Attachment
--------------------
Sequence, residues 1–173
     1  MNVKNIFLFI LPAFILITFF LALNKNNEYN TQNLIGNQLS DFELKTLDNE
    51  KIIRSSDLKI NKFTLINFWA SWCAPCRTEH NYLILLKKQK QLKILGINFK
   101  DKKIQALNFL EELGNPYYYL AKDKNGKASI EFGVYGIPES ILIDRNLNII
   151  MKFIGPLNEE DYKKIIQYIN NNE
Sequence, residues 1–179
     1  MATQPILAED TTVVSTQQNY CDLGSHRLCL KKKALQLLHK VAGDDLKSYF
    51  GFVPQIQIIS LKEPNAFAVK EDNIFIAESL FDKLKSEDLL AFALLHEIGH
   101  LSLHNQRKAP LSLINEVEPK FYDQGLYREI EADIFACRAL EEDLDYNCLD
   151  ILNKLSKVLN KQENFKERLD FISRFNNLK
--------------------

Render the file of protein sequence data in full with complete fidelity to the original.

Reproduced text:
Sequence, residues 1–173
     1  MNVKNIFLFI LPAFILITFF LALNKNNEYN TQNLIGNQLS DFELKTLDNE
    51  KIIRSSDLKI NKFTLINFWA SWCAPCRTEH NYLILLKKQK QLKILGINFK
   101  DKKIQALNFL EELGNPYYYL AKDKNGKASI EFGVYGIPES ILIDRNLNII
   151  MKFIGPLNEE DYKKIIQYIN NNE
Sequence, residues 1–179
     1  MATQPILAED TTVVSTQQNY CDLGSHRLCL KKKALQLLHK VAGDDLKSYF
    51  GFVPQIQIIS LKEPNAFAVK EDNIFIAESL FDKLKSEDLL AFALLHEIGH
   101  LSLHNQRKAP LSLINEVEPK FYDQGLYREI EADIFACRAL EEDLDYNCLD
   151  ILNKLSKVLN KQENFKERLD FISRFNNLK